Seven Years of Digital Photography

Last modified on June 16th, 2007

Back in December of 2000, while home in Chilliwack visiting my family for Christmas, I made the digital plunge. I was in London Drugs, looking around the electronics section for something bright and shiny to make me happy, and my eyes settled on the first real section of digital cameras ever to hit the market.

For the most part, most of those cameras were nothing more than glorified webcams — they took grainy photos, and really didn’t have any options. However, one in particular stood out above the rest. It was the Nikon Coolpix 880, and it became my first digital camera.

I shot all my photos that Christmas completely digitally, which amazed all my older relatives and friends. The photos were pretty awesome for the day, but by today’s standards, had a few colour problems (notably skin tones) and didn’t really perform that well in low light. I loved having the ability to review your shots immediately after taking them, and getting instant satisfaction from all your shots. For the first time in ages, I was excited about taking photos.

Unfortunately, I soon learned that I was a year or two ahead of the rest of the market. Making prints out of my digital photos was difficult, and not a single store in Ottawa would do it. So, I had to get Ofoto, a US photo company, to print them and mail them to me, which was a bit of a pain in the ass (usually took 7 – 10 days to get them).

The next “step-up” in terms of Cameras was a 6MP Canon Digital Elph. I still have one of these (although not the same one), not because I like the photos they take (in fact, I think they take rather lousy photos, given how much they cost), but because they have a small form factor and can easily fit into an inside jacket pocket. Unfortunately, they aren’t they durable, and I’ve broken my current one twice, once by having it in my pocket (the LCD cracked due to tension against it — maybe I wear my pants too tight?), and once in New York City (I think it fell a few inches and the shudder mechanism broke). And to be honest, while I think dropping a camera 6 feet runs a pretty good risk of breaking it under most conditions, I think most cameras should be able to sustain a fall of a few inches, or take normal wear and tear. So, I’m pretty disappointed with this line of cameras (although lots of people seem to like them).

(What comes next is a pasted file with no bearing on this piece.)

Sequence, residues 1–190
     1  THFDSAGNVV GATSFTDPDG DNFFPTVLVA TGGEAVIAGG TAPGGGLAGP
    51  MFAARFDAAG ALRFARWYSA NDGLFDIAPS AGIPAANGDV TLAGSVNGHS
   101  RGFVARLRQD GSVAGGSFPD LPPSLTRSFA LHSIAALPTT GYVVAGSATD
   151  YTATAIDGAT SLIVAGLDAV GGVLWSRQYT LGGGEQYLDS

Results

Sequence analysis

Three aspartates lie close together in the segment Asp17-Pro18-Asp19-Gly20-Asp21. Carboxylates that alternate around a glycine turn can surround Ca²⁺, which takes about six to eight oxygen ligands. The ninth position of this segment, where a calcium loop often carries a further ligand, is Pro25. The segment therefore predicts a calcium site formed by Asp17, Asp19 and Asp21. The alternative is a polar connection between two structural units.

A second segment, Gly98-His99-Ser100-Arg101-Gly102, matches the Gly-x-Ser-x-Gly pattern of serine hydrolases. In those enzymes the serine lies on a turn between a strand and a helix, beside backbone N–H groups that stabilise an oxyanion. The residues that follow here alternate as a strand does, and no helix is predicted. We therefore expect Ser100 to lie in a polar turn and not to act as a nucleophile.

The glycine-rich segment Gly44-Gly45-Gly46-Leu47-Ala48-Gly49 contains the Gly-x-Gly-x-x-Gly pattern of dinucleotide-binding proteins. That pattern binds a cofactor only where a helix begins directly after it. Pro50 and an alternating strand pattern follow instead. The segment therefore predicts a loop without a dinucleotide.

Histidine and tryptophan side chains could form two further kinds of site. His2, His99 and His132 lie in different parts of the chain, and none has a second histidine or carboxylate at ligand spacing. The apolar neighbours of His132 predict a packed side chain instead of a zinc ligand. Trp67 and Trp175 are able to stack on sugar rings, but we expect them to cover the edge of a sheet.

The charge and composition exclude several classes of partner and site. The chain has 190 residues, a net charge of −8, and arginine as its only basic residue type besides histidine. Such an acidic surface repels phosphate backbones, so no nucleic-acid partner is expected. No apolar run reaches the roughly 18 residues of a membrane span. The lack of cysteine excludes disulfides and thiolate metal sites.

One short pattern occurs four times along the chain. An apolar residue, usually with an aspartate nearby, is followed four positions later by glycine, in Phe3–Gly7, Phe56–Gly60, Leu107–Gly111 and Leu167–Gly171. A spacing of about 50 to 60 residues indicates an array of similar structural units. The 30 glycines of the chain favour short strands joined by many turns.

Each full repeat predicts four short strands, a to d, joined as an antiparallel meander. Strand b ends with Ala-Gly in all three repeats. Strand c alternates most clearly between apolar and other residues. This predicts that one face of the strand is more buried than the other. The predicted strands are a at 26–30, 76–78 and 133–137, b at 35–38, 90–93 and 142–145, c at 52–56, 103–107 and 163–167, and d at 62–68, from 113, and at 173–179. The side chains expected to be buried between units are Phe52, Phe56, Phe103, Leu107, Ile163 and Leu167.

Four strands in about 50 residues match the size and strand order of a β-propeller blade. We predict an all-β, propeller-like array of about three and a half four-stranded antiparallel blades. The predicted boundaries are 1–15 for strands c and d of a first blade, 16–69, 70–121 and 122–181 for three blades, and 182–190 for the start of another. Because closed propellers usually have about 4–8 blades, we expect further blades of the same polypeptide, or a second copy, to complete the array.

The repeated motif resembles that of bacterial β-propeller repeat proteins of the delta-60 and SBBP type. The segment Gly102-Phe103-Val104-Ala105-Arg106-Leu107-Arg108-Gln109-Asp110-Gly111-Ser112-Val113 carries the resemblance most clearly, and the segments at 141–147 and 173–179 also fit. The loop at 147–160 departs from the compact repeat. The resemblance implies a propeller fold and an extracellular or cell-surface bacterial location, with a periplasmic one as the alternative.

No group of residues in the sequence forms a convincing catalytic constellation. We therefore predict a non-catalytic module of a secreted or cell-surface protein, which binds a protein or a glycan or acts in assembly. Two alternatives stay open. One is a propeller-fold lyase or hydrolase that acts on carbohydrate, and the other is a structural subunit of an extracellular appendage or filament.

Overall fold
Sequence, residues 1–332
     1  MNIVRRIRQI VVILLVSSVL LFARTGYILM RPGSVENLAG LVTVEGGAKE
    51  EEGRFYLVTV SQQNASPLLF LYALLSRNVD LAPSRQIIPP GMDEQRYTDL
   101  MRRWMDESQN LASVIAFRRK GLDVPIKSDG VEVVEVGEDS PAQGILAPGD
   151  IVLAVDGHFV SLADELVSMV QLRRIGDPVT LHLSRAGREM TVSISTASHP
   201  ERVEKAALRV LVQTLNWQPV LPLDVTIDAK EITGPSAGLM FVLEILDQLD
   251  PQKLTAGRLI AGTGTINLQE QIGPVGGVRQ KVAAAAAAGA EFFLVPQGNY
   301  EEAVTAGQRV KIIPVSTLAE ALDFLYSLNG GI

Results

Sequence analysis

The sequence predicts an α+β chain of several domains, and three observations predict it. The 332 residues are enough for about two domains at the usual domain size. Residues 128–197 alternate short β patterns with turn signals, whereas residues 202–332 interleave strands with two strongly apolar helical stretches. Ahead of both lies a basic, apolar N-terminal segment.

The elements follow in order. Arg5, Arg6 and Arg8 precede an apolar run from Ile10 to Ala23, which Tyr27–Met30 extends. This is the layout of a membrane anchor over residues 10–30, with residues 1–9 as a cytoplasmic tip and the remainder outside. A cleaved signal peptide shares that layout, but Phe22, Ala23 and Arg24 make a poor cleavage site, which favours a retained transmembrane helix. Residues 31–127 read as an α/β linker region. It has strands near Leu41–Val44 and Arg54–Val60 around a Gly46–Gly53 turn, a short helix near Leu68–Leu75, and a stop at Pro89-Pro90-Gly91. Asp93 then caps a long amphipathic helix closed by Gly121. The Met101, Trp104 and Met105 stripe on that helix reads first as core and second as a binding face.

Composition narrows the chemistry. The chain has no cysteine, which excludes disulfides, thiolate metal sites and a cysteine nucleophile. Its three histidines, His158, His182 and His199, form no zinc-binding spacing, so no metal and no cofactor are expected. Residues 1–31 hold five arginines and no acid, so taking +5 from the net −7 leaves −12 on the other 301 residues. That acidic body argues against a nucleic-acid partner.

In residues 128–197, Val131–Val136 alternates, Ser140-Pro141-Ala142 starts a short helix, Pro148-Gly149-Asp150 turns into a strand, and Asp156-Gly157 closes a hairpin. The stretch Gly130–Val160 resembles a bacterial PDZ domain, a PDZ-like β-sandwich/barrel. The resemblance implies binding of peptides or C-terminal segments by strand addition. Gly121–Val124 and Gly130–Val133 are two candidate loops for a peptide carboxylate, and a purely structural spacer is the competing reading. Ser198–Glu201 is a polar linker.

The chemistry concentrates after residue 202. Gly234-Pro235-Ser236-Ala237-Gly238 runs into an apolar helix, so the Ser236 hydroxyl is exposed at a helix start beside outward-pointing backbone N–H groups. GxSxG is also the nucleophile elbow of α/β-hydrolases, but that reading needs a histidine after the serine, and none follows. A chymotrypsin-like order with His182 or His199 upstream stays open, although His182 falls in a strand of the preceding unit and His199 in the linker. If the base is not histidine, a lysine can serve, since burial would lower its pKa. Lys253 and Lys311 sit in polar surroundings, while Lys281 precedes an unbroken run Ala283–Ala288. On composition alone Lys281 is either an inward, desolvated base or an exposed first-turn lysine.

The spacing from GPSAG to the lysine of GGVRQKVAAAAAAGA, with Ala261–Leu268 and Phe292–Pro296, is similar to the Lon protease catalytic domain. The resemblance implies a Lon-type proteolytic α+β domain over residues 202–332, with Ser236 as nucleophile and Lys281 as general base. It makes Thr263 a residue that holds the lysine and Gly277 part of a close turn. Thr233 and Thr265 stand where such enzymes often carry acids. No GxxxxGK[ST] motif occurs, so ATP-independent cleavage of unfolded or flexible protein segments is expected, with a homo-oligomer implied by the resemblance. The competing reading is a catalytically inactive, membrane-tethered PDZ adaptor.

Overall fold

This reminds me of my problems with cell phones. I’ve had water damage with my cell phone a few times, only one of which they have ever fixed under warranty. You see, they have a little dot inside the case which changes colour when it gets wet. If it’s in the “wet colour” state when you send it in, normally they just blame you for getting it wet and charge you full replacement price. However, Vancouver is one of the wettest cities in North America, and in the fall or spring, there’s usually always some sort of rain or mist blanketing the city. To argue that I shouldn’t be able to use my cell phone while walking to work (while it’s rainy and misty) is a bit of a stretch, but that’s usually when it’s stopped working for me.

So, back to cameras, I think Canon should step up and make these guys a little more durable. If it can’t handle normal wear and tear (a camera that claims to fits into a pocket *should* be able to survive being put into a pocket), then something is wrong.

So while I still own a Digital Elph, I hit a point a few years ago where I realized that I was sort of hitting the wall in terms of my abilities and room to maneuver with my camera. I could have upgraded to something like a Canon Powershot camera with a few more bells and whistles, but I figured that I enjoyed photography enough that I should just bite the bullet and get something I really liked.

So, around three years ago, I shelled out $2000 and picked up the Canon EOS 20D, 8.2MP Digital SLR body and never looked back.

The first mistake I made, and it’s something that most people who take the SLR plunge make, was picking up a crappy lens. It is absolutely pointless to buy a Digital SLR and throw a junky lens on it. To be honest, the pictures you end up with will probably be a lot worse than those you’d get off a cheap digital point-and-shoot camera. You can make really awesome lenses that are small for point-and-shoot cameras, but it’s far harder to make good SLR-size lenses (the advantage being that with a larger lens you let in a lot more light). So, don’t be cheap when it comes to your lens — most of you will keep them for a very long time.